The chain breaks here, in a tiny medical clinic in Burkina Faso that went nearly a year without a working refrigerator.
From factory to syringe, the world's most promising coronavirus vaccine candidates need non-stop sterile refrigeration to stay potent and safe. But despite enormous strides in equipping developing countries to maintain the vaccine cold chain, nearly 3 billion of the world's 7.8 billion people live where temperature-controlled storage is insufficient for an immunization campaign to bring COVID-19 under control.
The result: Poor people around the world who were among the hardest hit by the virus pandemic are also likely to be the last to recover from it.
The vaccine cold chain hurdle is just the latest disparity of the pandemic weighted against the poor, who more often live and work in crowded conditions that allow the virus to spread, have little access to medical oxygen that is vital to COVID-19 treatment, and whose health systems lack labs, supplies or technicians to carry out large-scale testing.
Maintaining the cold chain for coronavirus vaccines won't be easy even in the richest of countries, especially when it comes to those that require ultracold temperatures of around minus 70 degrees Celsius (minus 94 F). Investment in infrastructure and cooling technology lags behind the high-speed leap that vaccine development has taken this year due to the virus.
With the pandemic now in its eighth month, logistics experts warn that vast parts of the world lack the refrigeration to administer an effective vaccination program. This includes most of Central Asia, much of India and southeast Asia, Latin America except for the largest countries, and all but a tiny corner of Africa.
The medical clinic outside Burkina Faso's capital, a dirt-streaked building that serves a population of 11,000, is a microcosm of the obstacles.
After its refrigerator broke last fall, the clinic could no longer keep vaccines against tetanus, yellow fever, tuberculosis and other common diseases on site, nurse Julienne Zoungrana said. Staff instead used motorbikes to fetch vials in insulated carriers from a hospital in Ouagadougou, making a 40-minute round-trip drive on a narrow road that varies between dirt, gravel and pavement.
A mother of two who visits the Gampela clinic says she thinks a coronavirus inoculation programme will be challenging in her part of the world. Adama Tapsoba, 24, walks four hours under scorching sun to get her baby his routine immunizations and often waits hours more to see a doctor. A week earlier, her 5-month-old son had missed a scheduled shot because Tapsoba's daughter was sick and she could only bring one child on foot.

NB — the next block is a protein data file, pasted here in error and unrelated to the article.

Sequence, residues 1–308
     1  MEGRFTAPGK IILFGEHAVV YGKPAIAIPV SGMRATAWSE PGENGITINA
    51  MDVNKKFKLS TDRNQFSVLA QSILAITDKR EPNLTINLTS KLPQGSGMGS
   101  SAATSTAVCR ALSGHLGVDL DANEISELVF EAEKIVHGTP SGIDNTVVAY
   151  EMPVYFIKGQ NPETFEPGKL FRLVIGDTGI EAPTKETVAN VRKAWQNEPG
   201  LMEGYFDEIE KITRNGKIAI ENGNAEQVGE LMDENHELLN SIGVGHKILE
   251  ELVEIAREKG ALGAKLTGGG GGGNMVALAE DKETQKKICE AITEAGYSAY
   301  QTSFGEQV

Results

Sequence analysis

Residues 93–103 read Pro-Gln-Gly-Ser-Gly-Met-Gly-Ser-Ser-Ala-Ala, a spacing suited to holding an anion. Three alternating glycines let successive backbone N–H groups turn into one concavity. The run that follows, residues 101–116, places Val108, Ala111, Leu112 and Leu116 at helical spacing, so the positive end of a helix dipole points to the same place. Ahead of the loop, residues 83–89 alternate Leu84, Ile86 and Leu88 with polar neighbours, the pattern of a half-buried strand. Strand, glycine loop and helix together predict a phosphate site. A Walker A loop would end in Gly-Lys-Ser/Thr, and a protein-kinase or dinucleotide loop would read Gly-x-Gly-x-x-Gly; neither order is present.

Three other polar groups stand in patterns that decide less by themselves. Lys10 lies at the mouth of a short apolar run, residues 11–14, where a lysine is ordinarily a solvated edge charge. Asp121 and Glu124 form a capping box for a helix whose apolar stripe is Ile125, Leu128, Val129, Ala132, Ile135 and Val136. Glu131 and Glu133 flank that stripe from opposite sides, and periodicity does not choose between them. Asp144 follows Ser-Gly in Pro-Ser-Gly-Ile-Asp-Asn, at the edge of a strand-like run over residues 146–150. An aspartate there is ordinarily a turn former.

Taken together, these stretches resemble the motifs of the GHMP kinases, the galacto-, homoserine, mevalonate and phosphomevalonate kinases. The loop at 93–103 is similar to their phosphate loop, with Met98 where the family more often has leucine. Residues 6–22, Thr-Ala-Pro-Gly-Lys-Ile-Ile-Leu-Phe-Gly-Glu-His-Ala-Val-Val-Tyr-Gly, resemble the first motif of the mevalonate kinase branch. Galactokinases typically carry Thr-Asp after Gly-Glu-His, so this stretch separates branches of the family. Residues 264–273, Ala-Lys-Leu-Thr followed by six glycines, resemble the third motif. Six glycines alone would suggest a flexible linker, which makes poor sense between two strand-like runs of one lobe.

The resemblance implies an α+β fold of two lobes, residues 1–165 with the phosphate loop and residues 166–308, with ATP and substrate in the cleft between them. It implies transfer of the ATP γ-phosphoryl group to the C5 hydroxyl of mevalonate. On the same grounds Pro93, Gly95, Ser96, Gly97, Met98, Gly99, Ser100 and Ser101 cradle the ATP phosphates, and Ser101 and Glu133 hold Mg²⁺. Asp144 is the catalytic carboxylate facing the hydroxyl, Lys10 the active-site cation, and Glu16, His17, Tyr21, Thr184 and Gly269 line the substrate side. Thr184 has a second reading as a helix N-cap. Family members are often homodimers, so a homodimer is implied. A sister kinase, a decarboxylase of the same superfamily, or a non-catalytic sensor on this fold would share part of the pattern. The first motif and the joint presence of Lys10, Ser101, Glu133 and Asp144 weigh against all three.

It will be hard to get a (COIVD-19) vaccine, Tapsoba said, bouncing her 5-month-old son on her lap outside the clinic. People will have to wait at the hospital, and they might leave without getting it. To uphold the cold chain in developing nations, international organisations have overseen the installation of tens of thousands of solar-powered vaccine refrigerators.
Keeping vaccines at stable temperatures from the time they are made until they are given to patients also requires mobile refrigeration, reliable electricity, sound roads and, above all, advance planning.
For poor countries like Burkina Faso, the best chance of receiving a coronavirus vaccine is through the Covax initiative, led by the World Health Organization and the Gavi vaccine alliance. The goal of Covax is to place orders for multiple promising vaccine candidates and to allocate the successful ones equitably.
The United Nations' children's agency, UNICEF, began laying the global distribution groundwork months ago, in Copenhagen. At the world's largest humanitarian aid warehouse, logistics staff are trying to foresee shortages by learning from the past, especially the spring chaos surrounding global shortages of masks and other protective gear that were commandeered off airport tarmacs or stolen and traded on the black market.
Currently, 42 coronavirus vaccine candidates are in clinical trials and another 151 are in pre-clinical evaluation, according to WHO. The ones most likely to end up in the Covax mix must be stored at 2 to 8 degrees Celsius (25-46 F).
A Pfizer candidate is among the ones in advanced testing requiring storage at ultracold temperatures. The company, which has designed a special carrying case for its vaccine, has expressed interest in Covax and signed contracts with the United States, Europe and Japan.
Medical freezers that go down to minus 70 degrees Celsius are rare even in U.S. and European hospitals. Many experts believe the West African countries that suffered through a 2014-16 Ebola outbreak may be the best positioned, because a vaccine against that virus also requires ultracold storage.
For more than two-thirds of the world, however, the advanced technology is nowhere on the horizon, according to a study by German logistics company DHL. Meanwhile, billions of people are in countries that don't have the necessary infrastructure to maintain the cold chain for either existing vaccines or more conventional coronavirus candidates, the study said.
Opportunities for vaccines to be lost expand the farther a vaccine travels. DHL estimated that 15,000 cargo flights would be required to vaccinate the entire planet against COVID-19, stretching global capacity for aircraft and potentially supplies of materials such as dry ice.
(Only the headline and picture of this report may have been reworked by the Business Standard staff; the rest of the content is auto-generated from a syndicated feed.)